The Cal Poly Pomona Foundation (www.foundation.csupomona.edu) operates Kellogg West (www.kelloggwest.org), an 85-room hotel and conference center, on the campus of California State Polytechnic University in Pomona, Calif. Its operational reach also includes 30 restaurants, mobile foodservice outlets and convenience stores scattered throughout the university’s grounds. EMV-ready POS equipment has already been installed at the Foundation’s Subway location and at Kellogg West. Upgrades to EMV-ready technology at other locations will be undertaken this summer.
Randall L. Townsend, PMP, SPL, the Foundation’s IT director, emphasizes the importance of exerting pressure on vendors to move faster with EMV-related technology development as the October 2015 liability shift deadline draws closer. “Our main challenge is getting POS system vendors to expedite their EMV hardware/software testing and certification,” Townsend states. To that end, the Foundation has been actively soliciting its vendors to commit to a late spring/early summer card reader upgrade schedule. Townsend and his colleagues anticipate that some vendors will not meet the deadline, but they intend to continue pushing these companies to get the job done.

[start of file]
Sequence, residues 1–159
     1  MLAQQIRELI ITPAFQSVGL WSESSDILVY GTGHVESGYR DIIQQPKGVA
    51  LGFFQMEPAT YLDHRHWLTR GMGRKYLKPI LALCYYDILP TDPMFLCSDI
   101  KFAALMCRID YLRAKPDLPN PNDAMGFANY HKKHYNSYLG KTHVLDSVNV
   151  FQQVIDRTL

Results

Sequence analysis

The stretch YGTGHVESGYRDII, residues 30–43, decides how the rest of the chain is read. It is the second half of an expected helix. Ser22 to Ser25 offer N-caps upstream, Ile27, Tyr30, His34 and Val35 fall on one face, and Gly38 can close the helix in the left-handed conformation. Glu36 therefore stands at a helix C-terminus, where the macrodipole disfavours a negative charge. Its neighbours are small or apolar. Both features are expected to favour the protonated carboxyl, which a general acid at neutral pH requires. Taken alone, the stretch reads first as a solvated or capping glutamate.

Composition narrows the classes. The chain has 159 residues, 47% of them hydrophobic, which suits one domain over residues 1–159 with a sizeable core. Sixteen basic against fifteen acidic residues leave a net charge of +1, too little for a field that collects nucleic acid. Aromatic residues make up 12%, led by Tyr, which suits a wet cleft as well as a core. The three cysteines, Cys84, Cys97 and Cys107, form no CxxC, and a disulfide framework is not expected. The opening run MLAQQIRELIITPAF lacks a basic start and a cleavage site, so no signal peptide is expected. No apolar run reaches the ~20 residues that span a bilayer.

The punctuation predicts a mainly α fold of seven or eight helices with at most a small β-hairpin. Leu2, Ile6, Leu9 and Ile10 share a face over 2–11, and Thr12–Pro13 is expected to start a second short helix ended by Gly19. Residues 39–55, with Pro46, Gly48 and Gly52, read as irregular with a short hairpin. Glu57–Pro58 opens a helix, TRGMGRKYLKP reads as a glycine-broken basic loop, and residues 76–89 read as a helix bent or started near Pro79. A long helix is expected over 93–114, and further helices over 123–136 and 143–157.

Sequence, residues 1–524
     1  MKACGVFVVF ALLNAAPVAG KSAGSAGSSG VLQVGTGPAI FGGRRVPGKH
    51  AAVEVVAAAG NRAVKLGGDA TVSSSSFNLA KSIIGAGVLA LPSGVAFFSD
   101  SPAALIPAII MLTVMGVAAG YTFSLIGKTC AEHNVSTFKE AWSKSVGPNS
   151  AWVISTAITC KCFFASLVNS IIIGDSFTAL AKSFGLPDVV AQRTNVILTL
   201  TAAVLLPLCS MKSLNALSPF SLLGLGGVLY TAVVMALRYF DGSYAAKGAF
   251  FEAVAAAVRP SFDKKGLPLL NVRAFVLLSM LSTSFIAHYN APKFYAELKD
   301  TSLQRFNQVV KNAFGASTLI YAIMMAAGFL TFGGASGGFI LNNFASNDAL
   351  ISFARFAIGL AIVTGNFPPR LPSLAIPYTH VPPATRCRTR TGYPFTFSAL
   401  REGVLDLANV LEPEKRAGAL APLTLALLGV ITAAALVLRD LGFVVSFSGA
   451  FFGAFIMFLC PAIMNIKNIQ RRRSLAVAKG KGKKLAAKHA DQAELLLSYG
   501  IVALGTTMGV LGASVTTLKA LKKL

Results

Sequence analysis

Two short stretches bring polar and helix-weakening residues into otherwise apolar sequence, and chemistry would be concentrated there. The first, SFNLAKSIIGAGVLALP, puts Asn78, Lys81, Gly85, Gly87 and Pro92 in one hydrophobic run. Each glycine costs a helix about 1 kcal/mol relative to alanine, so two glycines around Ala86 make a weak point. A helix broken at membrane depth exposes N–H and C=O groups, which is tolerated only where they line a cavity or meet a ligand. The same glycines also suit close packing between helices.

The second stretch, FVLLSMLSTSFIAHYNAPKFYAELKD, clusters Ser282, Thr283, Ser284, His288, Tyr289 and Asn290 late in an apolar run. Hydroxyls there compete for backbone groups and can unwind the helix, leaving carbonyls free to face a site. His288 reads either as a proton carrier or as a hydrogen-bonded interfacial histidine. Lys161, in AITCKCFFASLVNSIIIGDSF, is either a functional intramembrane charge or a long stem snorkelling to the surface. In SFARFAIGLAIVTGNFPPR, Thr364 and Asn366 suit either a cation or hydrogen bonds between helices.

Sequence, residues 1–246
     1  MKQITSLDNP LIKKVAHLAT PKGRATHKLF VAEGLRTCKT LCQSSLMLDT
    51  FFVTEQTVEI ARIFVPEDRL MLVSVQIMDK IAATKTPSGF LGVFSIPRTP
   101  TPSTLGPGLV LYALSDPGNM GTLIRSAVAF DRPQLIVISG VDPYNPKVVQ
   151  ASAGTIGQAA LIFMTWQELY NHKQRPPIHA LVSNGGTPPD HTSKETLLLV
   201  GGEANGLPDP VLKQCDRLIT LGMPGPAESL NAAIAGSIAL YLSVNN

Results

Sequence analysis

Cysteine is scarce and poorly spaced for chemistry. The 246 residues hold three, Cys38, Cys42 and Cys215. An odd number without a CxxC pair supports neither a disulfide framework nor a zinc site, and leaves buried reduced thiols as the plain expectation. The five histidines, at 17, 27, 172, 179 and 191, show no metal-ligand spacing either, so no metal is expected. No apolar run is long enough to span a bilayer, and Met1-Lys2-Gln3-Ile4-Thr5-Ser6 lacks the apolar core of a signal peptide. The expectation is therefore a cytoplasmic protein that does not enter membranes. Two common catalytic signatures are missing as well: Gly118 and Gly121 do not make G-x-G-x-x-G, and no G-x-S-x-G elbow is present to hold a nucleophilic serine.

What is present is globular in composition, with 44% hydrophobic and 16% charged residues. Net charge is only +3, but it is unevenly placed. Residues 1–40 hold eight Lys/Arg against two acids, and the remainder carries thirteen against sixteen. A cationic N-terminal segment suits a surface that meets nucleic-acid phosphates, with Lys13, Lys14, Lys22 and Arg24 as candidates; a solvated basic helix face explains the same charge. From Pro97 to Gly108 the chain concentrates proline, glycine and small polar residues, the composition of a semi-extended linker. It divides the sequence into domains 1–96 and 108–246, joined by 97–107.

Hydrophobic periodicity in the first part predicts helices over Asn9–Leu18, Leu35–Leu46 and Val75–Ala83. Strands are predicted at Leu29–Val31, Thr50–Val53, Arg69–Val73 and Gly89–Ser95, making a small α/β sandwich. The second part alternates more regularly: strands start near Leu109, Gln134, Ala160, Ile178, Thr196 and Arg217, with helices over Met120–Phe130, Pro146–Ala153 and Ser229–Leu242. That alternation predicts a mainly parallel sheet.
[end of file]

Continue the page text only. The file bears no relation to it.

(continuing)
Consider alternatives and special requirements.
Cost constraints need not prevent operators from moving forward with EMV now; other options can be explored to keep the ball rolling. For example, the Cal Poly Pomona Foundation’s budget precludes the installation of new POS terminals with chip card acceptance capability. As an alternative, its model calls for integrating external EMV-ready chip card readers with existing POS terminals. Several locations on the California State Polytechnic campus are awaiting final certification, between vendors and the Payment Card Industry Security Standards Council (www.pcisecuritystandards.org), for back-end integrated software using EMV-enabled readers.